Compared to other John Carpenter films, “Halloween” demonstrates an amazing amount of restraint for the director. Which is not to say the chaotic elements of “The Thing” and “Assault on Precinct 13” aren’t amazing, but Carpenter displays a surprising competence for pulling back as he does with unleashing hell on a slew of characters. Like many of Carpenter’s films, “Halloween” is also relegated to a limited setting, where the slasher tropes for hundreds of other slasher films would be built. There’s a small town, a curse, a crime that resonates within the community, and a virginal final girl who would stand off against the monster.
“Halloween” is unlike the films that set the standards, where you can still go in to it watching it, and still feel as if you’ve seen it for the first time. That’s likely because of the mounting dread that begins once Michael Myers decides to build an elaborate plan to break free from his mental institution and return to his town of Haddonfield, Illinois. Much of what occurs with Michael is inexplicable and shocking, even to a character like Dr. Loomis, who spent his years convinced he knew Michael more than anyone ever has. Michael is an often under estimated force of evil who began life after murdering his sister, and sank in to the darkness of a soulless existence where his main directive is to haunt Haddonfield. His plan to escape is genius, and much to Dr. Loomis’ surprise, he even knows how to drive a car.
Much of the plot elements are left ambiguous and up to the viewer to explore for themselves, but we learn over the course of the narrative that Michael watches, waits, and learns. And he’s not a man to take for granted. After chasing Laurie in to her house, Laurie manages to barricade herself in to her home, only to learn Michael has found a way in. And Michael spends most of his time watching Laurie Strode and her friends, devising a way to systematically destroy her world, and then murder her. Michael is the fate and pure evil of Haddonfield, and Laurie may be the only person who can stop the taint upon Haddonfield, Illinois. Which may explain why he returns to town and seeks out Laurie, and Laurie alone. He could easily murder her at any time, but he knows that there is a time and a place.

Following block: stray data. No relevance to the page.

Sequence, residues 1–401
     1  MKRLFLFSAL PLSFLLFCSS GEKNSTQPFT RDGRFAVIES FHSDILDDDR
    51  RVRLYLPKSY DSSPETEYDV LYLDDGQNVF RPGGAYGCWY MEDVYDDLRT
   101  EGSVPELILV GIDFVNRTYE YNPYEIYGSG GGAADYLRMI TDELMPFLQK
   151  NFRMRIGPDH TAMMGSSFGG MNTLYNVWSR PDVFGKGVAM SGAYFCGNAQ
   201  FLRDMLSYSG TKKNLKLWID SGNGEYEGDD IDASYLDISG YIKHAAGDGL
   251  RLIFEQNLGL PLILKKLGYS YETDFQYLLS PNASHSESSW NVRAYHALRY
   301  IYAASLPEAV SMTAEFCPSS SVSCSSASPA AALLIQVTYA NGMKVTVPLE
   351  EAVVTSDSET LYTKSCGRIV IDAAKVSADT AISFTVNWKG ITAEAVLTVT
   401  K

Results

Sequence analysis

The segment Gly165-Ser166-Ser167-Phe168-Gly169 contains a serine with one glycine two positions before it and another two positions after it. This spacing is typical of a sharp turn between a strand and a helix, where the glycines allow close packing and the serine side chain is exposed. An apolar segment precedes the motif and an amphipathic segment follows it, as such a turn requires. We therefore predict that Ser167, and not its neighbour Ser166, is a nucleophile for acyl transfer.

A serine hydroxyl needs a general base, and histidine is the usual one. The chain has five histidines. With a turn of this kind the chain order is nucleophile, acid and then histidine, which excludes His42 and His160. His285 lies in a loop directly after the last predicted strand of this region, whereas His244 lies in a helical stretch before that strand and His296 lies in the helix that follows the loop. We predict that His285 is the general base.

He also takes great pleasure in the theatricality of Halloween and how Laurie may be unprepared on a night where pranks and misdeeds are on the menu, and she’s left to care for two children. Michael is a faceless and remorseless being who has a plan for his town, and he’s a vicious horrifying villain, who mends himself in to the shadows of the night, and uses Haddonfield as a playground to torment Laurie Strode. The irony of the inevitable battle is that his motive is to murder the babysitters, while Laurie never quite listens to the children, the only people aware of Michael, and his menace, in the end. “Halloween” is a ticking time bomb of dread and suspense that explodes in to a cat and mouse battle that still sets the standard for slasher films and horror in general, and it’s one of the many masterpieces from director John Carpenter that hasn’t aged a bit.
For the 35th anniversary release, there’s a digipak casing with a booklet exploring the production of the film. There’s a newly record audio commentary featuring writer/director John Carpenter and star of the film Jamie Lee Curtis, where the pair discuss production details, thoughts on modern horror film, Carpenter’s brilliant story structure, and Ms. Curtis’ feelings on the film now. “The Night She Came Home!!” is a one hour look at Jamie Lee Curtis turning the movie in to a charity event, touring and meeting with fans and old cast members, and discussing her role on the film, which gladly lends great entertainment value to what is a fun hour.
“On Location: 25 Years Later” is a ten minute look at the neighborhood where the film was set, and how Carpenter implemented the setting to help tell the story. There’s a ten minute collection of footage from the controversial extended TV Version, which garners longer and deleted scenes never featured in the original theatrical cut. Finally, there’s the original trailer, three TV spots for the original film, and a slew of radio spots advertising the release of “Halloween.”